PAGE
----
Left column you can set up a color code using markers for the genre of book  (click here).

But if you want to track more, then often times going old school is the simplest answer by using a bullet journal (notebook that has pages with dots or grid) or similar idea like a simple spiral notebook.  

Are there apps that can do this?  Yes, BUT to get the following versatility it will likely cost.  The free features are usually limited to basic tracking like Goodreads.  

A bullet journal is economical and easy, particularly if you find free printable templates.  You can spruce up pages with colored pens, Tombow markers (they don't bleed through), something for drawing straight lines, and some decorative Washi tape.

Following are some ideas of other things you may like to track besides just book titles you've read:

Pages read per day – if you want to make reading a habit and keep you motivated.  (click here) and example (click here)  

Chapters read – Some prefer tracking chapters rather than pages.  Example (click here) and Example 2 (click here):  

Series Books – You can track different book series that you are reading.  You may not want to read through an entire series at once, or you may be waiting for the next one to come out.  You can list out the reading order of the books in a series and check them off as you complete each one.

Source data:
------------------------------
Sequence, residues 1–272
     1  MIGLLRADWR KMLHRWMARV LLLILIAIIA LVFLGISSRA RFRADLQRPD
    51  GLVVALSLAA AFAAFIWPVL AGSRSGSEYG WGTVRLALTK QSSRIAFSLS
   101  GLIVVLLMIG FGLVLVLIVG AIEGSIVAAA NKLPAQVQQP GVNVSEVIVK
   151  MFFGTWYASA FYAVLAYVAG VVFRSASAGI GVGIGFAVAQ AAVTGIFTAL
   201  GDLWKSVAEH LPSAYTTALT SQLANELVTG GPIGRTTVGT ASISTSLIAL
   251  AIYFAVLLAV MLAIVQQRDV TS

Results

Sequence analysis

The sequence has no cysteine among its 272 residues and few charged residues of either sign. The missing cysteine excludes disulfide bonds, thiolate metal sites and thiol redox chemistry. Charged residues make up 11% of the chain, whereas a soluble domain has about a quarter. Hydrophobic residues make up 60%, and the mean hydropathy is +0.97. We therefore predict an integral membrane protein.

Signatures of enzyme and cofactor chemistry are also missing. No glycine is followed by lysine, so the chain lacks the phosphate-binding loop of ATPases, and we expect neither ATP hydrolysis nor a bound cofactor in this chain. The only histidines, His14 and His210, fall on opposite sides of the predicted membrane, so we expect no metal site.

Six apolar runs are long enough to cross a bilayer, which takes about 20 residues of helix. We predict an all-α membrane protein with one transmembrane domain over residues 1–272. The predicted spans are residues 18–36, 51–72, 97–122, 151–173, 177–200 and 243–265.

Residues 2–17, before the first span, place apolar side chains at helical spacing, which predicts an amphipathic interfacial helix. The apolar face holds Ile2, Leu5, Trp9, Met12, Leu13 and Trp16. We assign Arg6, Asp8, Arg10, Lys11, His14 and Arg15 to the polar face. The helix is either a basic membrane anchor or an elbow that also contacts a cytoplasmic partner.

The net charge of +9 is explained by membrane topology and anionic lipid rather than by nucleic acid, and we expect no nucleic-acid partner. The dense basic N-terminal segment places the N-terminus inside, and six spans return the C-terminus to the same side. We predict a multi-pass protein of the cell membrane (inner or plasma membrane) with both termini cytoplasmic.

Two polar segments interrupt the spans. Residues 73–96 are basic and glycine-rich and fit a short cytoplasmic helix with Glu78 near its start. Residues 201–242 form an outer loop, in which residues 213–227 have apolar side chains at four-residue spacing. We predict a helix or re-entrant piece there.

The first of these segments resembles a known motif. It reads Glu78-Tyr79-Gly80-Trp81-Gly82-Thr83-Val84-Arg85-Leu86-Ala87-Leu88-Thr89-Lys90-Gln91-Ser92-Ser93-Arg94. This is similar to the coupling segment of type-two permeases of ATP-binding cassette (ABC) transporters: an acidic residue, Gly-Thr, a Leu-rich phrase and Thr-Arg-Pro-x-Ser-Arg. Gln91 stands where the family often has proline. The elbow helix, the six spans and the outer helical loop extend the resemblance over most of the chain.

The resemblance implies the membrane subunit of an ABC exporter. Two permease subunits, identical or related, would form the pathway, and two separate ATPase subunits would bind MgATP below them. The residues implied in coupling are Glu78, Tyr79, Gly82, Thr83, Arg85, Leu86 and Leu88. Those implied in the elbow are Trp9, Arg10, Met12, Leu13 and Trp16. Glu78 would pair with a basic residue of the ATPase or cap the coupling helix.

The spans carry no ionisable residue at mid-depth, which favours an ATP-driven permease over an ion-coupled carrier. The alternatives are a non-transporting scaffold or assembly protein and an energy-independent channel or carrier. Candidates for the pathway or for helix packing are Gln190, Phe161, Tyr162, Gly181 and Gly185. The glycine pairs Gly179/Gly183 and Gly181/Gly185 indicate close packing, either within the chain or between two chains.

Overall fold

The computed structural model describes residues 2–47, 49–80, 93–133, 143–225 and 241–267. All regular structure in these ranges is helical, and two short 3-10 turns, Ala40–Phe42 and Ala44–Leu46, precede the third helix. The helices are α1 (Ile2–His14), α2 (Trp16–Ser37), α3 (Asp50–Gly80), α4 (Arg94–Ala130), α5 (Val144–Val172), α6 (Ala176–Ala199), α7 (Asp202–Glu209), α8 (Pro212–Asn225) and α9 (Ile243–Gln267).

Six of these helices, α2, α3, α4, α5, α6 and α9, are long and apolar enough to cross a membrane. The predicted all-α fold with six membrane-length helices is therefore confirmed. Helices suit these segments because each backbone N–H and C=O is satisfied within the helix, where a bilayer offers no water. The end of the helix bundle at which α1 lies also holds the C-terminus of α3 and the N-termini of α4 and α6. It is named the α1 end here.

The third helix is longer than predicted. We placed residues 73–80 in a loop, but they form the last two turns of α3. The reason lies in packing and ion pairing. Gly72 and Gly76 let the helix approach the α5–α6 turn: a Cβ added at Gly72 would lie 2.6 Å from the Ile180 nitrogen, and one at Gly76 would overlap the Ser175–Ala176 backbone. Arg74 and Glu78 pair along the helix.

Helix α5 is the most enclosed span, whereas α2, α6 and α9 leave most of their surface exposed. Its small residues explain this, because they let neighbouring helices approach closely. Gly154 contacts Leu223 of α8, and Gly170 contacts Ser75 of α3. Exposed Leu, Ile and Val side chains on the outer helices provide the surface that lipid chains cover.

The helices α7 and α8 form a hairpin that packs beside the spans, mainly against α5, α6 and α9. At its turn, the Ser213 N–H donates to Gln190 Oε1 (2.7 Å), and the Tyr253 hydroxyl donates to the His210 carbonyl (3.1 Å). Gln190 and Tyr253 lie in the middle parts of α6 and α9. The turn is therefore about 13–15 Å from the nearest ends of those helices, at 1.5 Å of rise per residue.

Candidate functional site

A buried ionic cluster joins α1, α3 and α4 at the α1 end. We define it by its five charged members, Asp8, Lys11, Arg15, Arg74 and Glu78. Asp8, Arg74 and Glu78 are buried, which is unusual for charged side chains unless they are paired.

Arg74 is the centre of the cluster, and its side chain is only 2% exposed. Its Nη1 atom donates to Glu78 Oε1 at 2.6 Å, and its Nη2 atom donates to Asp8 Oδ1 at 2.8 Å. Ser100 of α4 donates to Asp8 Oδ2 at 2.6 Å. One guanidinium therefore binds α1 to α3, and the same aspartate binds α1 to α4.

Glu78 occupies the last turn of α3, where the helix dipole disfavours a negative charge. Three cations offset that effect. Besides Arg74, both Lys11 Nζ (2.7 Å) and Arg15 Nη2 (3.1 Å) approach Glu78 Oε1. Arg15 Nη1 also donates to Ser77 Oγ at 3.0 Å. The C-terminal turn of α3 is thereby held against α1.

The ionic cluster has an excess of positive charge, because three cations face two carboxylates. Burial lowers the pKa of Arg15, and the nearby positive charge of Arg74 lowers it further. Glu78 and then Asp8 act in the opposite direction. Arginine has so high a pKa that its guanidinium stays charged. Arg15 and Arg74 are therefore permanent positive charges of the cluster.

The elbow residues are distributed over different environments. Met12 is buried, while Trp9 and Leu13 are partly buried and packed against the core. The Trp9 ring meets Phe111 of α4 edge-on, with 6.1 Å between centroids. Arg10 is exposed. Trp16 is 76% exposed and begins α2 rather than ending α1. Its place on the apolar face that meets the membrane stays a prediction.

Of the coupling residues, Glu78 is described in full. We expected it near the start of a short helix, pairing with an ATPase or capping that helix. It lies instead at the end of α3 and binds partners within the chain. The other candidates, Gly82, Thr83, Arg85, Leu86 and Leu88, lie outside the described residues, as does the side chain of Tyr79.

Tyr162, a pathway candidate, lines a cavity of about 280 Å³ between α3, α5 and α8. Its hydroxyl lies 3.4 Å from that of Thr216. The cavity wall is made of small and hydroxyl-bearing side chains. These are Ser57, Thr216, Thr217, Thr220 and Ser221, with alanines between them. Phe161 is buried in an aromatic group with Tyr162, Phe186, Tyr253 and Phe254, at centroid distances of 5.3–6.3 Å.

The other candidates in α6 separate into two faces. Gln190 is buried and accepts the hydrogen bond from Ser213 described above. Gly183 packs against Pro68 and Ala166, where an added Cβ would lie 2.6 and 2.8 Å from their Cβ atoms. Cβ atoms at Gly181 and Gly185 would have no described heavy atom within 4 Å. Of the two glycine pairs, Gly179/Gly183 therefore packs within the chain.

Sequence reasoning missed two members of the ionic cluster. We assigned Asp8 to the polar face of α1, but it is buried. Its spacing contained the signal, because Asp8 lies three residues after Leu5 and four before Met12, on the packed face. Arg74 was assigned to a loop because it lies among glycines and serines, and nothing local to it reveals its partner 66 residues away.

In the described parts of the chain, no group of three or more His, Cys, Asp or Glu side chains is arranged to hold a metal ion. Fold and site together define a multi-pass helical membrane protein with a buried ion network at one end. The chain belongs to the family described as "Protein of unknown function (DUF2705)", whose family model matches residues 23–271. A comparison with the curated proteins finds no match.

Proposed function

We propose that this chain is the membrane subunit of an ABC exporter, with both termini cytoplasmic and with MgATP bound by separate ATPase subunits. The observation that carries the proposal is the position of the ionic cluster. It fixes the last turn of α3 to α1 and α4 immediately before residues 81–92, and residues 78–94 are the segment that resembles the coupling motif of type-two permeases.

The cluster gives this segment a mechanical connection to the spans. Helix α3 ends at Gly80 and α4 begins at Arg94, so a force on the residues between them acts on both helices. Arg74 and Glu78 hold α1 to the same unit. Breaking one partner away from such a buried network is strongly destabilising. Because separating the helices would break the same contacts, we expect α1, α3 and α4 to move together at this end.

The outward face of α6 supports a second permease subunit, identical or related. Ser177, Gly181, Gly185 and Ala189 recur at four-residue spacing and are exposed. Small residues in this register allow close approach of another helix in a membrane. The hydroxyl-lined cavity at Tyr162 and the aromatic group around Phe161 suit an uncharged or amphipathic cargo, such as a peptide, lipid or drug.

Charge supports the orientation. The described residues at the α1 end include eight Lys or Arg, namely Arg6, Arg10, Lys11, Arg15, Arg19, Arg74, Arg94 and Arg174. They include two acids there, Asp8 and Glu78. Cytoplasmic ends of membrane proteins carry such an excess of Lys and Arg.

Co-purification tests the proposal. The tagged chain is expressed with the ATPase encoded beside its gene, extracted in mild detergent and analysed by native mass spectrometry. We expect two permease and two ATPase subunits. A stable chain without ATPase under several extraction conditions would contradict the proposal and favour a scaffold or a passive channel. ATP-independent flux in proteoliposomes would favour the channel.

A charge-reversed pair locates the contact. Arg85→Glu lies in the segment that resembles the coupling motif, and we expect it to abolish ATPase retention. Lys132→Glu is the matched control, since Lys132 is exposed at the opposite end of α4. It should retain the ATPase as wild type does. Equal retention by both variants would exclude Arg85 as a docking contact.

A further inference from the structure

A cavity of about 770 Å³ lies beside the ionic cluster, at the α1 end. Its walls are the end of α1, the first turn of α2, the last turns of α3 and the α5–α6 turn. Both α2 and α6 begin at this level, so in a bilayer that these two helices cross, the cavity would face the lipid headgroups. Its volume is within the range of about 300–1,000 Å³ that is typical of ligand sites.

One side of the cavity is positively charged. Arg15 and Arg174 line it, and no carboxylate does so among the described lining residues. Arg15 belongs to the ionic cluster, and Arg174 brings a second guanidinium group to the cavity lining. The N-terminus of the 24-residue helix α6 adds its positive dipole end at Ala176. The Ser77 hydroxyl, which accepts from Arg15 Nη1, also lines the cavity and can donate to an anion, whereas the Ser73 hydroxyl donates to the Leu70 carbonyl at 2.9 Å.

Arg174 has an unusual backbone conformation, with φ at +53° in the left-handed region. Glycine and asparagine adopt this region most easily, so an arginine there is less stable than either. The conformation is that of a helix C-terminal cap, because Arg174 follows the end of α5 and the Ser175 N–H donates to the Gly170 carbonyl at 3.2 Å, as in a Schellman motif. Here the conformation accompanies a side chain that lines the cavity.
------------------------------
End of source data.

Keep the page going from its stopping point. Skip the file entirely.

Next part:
Basic example (click here): 

Do you want to track Days you've read? – This helps you form a habit. (click here)

Maybe a reading streak – how many days in a row you've read to reinforce a habit of reading.  Weeks in a row, too.  Maybe note a prize to reward yourself if you read 21 days in a row or similar streak. See above example for tracking days.

Classic Books TBR – I think every reader has a list of "highly recommended" classics that they haven't gotten around to yet.  This makes it easy to refine your list, note which friend recommended it and why, and if it was worth the hype.  Example (click here).  

Reading Challenges – like the alphabet challenge (reading books whose titles start with each letter of the alphabet), book bingo (like regular bingo but with a different book criteria in each square), or others.  If you are into reading challenges make it easy on yourself and track them in one spot.  Example (click here).   

Book Club – You can keep track of all the necessary information.  Create a page that lists things like their website, when you meet, where you meet, when to vote for the monthly book pick, or contact information for friends you meet in the club and want to collaborate with.  Then track how many pages a day to finish, the questions to discuss so you can be prepared before the meeting.

Other examples following

Multiple reading goal tracker (click here)

16 Reading Journal Printables (click here)

Library Due Date book tracker (click here)

Full page per book printable (click here has a lot of creative printables you can instantly download for practically any book tracking need for only a few dollars.  

Check out the many examples on Pinterest too (click here).

Doing your own tracking in a journal can be fun and creative.  I hope these ideas were helpful.  

Happy New Year fellow reading buddies.